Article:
Do we in fact have subsystems in the brain that perform these specialized tasks? Do we find that people process the same kind of information in the same areas of the brain? Do we get dissociative deficits in neurological pathologies? (But see also Bickerton's comment, below.)
Do children develop these skills even in the absence of explicit instruction? Does the development tend to happen at the same time in all children? Are these skills associated with specific developmental deficits?
Do these faculties represent solutions to problems that were likely to have had significant fitness consequences in the EEA? Are they present in all human populations?
In conclusion, the adaptationist claim includes Fodor-type modules, but also makes additional claims about functionally specialized subsystems that take a variety of input and whose processing is in part open to introspection. One need not be a priori committed to a panhuman neurological implementation of such functional specializations, though within certain limits this is likely to be the case. As for the differences between the cognitive constructivist and the adaptationist approach, it is hard to see a fundamental conflict of interest; adaptationism is itself computational, and even the most ardent cognitive constructivist admits evolution has played a role in developing the human cognitive system.
Finally, since human beings exist and emerge from a complex web of physical and representational relations, our own descriptions of ourselves should not aim only for Platonic abstractions, but also explicitly discuss what kind of understanding would actually be beneficial.
Comment (1 October 1999): In an informal response on the Evolutionary Psychology Mailing List to the published critique of domain specificity by Elman, Bates, and others, Derek Bickerton writes,
A large part of the problem lies in confusion between domain specificty and localization. The two are often taken as going together, so once you've downed localization (as brain imaging has fairly well done for language functions) you've downed domain specificity, or as I'd rather call it, dedicated circuitry. No way. Once you grasp that the same cell or cell assembly may belong to several different circuits, the problem diminishes. Assume a brain of Dennettian dumb homunculi, with no executive suite, engaged in Darwinian competition for "spare" neurons à la Calvin, and it disappears altogether.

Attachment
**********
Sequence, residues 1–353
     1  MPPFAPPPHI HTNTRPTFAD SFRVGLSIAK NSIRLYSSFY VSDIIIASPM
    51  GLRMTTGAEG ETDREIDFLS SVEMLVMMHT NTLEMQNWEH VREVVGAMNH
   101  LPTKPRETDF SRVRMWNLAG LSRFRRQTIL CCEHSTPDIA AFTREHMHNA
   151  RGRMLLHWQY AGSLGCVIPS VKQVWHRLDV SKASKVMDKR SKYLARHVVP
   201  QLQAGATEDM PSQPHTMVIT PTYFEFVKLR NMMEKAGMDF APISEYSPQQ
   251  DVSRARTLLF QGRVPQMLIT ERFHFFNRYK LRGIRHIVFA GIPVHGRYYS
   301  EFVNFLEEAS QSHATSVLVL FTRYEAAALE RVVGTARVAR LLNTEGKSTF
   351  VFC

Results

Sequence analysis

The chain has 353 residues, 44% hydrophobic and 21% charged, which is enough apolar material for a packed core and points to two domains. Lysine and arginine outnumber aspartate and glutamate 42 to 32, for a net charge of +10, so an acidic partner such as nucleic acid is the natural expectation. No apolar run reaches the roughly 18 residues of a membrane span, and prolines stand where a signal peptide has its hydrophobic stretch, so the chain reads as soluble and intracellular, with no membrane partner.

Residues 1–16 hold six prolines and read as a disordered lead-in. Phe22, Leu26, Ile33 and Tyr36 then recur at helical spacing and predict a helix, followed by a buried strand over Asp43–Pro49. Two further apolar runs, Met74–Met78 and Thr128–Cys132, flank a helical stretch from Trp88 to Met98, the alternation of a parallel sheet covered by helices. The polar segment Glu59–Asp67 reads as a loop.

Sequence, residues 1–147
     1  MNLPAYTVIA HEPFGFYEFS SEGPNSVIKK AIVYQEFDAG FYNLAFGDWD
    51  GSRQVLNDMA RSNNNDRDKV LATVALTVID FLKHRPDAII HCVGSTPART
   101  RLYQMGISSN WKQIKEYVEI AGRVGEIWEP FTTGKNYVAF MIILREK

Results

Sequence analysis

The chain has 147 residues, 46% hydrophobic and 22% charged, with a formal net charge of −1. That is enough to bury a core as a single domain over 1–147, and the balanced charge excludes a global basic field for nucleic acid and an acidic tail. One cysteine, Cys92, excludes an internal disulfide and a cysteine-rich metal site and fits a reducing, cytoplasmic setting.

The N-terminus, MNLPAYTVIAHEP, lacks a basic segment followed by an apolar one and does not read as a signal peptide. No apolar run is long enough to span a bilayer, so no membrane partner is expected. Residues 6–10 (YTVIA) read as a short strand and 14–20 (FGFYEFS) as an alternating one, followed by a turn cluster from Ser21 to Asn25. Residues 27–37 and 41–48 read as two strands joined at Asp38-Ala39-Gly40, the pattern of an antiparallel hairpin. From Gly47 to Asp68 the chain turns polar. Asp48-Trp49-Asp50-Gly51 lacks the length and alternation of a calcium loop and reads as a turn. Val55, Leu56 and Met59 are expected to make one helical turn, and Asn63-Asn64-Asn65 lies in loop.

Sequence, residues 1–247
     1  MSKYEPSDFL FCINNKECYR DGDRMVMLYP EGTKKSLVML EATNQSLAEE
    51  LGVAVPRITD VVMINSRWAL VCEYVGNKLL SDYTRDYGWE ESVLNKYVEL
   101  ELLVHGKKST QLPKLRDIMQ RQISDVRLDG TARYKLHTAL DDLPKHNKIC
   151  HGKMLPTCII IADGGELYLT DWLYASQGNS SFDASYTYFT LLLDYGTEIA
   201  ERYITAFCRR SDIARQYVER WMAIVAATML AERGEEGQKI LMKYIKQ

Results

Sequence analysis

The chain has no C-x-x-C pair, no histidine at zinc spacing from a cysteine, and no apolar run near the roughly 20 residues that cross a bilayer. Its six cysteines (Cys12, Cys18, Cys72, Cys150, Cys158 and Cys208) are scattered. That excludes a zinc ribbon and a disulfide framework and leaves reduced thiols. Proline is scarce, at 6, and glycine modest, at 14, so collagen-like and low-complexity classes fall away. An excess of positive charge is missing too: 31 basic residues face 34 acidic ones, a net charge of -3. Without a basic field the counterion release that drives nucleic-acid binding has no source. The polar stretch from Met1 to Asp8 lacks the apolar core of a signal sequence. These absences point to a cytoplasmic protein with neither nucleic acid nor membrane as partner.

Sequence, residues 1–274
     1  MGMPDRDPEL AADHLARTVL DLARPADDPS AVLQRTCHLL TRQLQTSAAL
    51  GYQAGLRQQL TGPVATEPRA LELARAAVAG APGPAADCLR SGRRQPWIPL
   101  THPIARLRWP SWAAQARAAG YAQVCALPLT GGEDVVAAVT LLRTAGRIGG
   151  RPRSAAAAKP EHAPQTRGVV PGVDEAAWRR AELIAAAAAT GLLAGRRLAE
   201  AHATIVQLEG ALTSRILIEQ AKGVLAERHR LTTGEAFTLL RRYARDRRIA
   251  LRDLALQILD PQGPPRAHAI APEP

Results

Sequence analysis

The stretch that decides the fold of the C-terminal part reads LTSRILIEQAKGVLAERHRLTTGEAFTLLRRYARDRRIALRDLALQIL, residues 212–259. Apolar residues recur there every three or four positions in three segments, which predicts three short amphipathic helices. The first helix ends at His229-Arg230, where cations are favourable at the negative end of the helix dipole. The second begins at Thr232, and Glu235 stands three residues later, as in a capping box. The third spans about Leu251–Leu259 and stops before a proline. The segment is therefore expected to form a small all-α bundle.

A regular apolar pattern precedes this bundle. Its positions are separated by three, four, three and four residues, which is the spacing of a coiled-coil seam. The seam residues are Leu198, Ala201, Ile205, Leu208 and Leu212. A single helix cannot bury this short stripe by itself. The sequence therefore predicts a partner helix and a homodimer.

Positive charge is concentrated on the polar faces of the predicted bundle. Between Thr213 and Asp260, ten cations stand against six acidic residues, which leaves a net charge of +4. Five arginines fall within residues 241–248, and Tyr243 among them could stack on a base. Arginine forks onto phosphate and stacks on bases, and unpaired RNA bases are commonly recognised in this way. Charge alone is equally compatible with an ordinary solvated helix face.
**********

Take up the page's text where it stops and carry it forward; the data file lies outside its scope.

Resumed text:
Quoted with permission. See also Bickerton and Calvin's project Lingua
ex machina (forthcoming and on-line).
1. Marr (1992)
uses the term "module" when speaking about aspects of the visual system, and
Fodor (1983) generalizes and refines the idea. In Reflections on Language
(1975), Chomsky refers to "mental organs" or "cognitive competences." Hirschfeld
and Gelman (1994) and other experimental psychologists generally use "domain
specificity," while Barkow, Tooby
and Cosmides (1992) and the evolutionary psychologists prefer "psychological
adaptations" or "functional specializations." (Thanks to Brian Boyd (1997) for
these clarifications.) Back